The Friends of Our Lady of Tintern are currently engaged in reviving the mediaeval Pilgrimage route to Tintern Abbey for 2020, a circular path which for the more intrepid Pilgrim will have connections to the Eastern routes of the Cistercian Way and Cistercian Abbeys in Wales. The Marian Way at Tintern will offer the modern day walker the chance to tread in the footsteps of mediaeval devotees along the arduous Stony Way-the path of sorrows- to Penterry Church, St. Arvans, for rest and contemplation before returning to Tintern Abbey and the statue of our Lady through luscious forested landscape- the path of joys.
Living through an age which we might describe as thirsting for secular experiences of the spiritual, the two hour circular route will give the modern day Pilgrim the opportunity to engage with the ancient landscape, whilst reflecting on the present. The ‘symbolic’ landscape the walk promotes - where the conceptual overlays the natural – will provide the ordinary man, woman and child an exercise in spiritual well being and a greater understanding of the Abbey’s significance and Statue of Mother and Child, particularly for those whose life’s journey has been one of troubles, grief and loss.
Pilgrimage was an integral part of the spiritual life in the Middle Ages, as much as walking is to the more physical life of today. It gave spiritual meaning to everyday existence and provided solace and guidance to those who undertook the excursion. In mediaeval text and belief, an analogy between life’s journey and the pilgrimage was often drawn, with the greater spiritual and physical endurance required of the journeyer, the better. It also provided escape from the banalities of daily life, and could be a joyous as well as arduous occasion, with singing and dancing along the road.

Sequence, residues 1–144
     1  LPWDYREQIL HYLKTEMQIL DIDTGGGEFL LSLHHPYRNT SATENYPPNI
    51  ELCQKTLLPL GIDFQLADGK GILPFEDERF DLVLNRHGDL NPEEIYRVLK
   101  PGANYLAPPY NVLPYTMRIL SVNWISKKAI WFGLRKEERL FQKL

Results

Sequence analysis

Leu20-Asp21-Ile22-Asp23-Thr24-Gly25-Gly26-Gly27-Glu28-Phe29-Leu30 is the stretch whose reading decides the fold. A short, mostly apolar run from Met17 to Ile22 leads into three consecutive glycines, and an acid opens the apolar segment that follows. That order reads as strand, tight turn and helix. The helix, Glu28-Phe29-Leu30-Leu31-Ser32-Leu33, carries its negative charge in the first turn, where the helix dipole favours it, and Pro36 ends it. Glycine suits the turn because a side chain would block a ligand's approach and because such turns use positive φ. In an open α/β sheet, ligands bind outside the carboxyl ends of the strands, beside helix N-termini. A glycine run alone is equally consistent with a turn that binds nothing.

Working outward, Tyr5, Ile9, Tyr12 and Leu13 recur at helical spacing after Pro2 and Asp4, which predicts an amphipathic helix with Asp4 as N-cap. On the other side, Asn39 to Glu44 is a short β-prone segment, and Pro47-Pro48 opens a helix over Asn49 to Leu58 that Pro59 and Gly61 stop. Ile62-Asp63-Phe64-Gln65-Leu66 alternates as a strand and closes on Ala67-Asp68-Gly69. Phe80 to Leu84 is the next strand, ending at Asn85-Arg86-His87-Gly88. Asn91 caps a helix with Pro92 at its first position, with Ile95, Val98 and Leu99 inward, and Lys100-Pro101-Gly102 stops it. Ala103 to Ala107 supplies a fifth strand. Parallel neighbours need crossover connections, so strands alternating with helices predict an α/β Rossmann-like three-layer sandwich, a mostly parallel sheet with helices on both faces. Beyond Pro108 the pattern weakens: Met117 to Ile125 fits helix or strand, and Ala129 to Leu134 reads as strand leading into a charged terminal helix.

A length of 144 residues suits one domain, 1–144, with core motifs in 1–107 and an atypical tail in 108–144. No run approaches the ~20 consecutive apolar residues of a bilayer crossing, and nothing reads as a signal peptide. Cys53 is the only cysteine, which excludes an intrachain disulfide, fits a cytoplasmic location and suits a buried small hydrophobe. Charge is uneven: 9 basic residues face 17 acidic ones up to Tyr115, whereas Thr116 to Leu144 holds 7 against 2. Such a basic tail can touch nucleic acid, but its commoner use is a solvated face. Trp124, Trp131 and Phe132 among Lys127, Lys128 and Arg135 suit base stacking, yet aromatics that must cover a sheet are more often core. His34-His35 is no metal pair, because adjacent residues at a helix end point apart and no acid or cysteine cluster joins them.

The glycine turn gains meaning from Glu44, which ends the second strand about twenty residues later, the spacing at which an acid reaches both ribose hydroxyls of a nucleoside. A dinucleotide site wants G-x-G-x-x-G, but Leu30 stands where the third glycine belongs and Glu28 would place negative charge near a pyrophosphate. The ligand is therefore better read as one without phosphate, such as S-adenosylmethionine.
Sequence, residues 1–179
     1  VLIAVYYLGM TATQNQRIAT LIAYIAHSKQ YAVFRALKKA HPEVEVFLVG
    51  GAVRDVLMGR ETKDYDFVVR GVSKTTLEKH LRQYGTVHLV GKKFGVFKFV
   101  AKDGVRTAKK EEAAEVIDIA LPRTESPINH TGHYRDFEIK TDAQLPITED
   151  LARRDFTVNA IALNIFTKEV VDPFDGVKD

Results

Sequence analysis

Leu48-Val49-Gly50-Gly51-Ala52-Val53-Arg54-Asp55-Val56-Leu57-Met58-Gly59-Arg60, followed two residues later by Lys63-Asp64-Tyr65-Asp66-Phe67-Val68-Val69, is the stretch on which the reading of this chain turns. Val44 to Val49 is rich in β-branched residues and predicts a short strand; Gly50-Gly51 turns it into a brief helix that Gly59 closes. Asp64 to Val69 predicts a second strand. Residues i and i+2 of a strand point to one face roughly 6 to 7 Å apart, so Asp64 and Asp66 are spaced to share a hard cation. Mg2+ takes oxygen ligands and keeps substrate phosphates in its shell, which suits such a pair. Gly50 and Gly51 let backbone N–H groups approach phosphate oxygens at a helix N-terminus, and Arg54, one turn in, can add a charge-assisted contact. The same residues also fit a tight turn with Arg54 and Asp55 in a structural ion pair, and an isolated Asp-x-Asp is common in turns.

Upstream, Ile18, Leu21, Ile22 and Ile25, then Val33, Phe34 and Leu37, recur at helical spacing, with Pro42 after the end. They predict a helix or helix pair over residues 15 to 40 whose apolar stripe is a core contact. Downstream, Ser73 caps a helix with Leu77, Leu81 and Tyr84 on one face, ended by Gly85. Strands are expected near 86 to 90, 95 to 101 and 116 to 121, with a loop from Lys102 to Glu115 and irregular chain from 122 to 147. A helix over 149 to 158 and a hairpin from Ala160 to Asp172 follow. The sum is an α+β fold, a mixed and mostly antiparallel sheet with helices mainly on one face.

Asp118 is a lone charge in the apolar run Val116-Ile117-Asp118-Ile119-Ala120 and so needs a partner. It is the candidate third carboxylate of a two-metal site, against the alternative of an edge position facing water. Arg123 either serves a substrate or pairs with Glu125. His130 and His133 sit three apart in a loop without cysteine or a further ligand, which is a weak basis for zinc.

The original Marian shrine in Tintern Abbey, preserved in tact until the dissolution of the monastery, was the focus of devotion in the 14th 15th and 16th centuries and was said to be the source of miracles for those seeking emotional and physical healing. Its modern day replica by sculptor Philip Chatfield is a timely reminder of Mary’s symbolic position as the feminine intercessor between the two interlocking worlds or realities as perceived by the mediaeval world: the perfect ‘spiritual’ world of forms and the world of nature. Where better can this be realised than journeying through an area of outstanding natural beauty and rich religious-cultural heritage.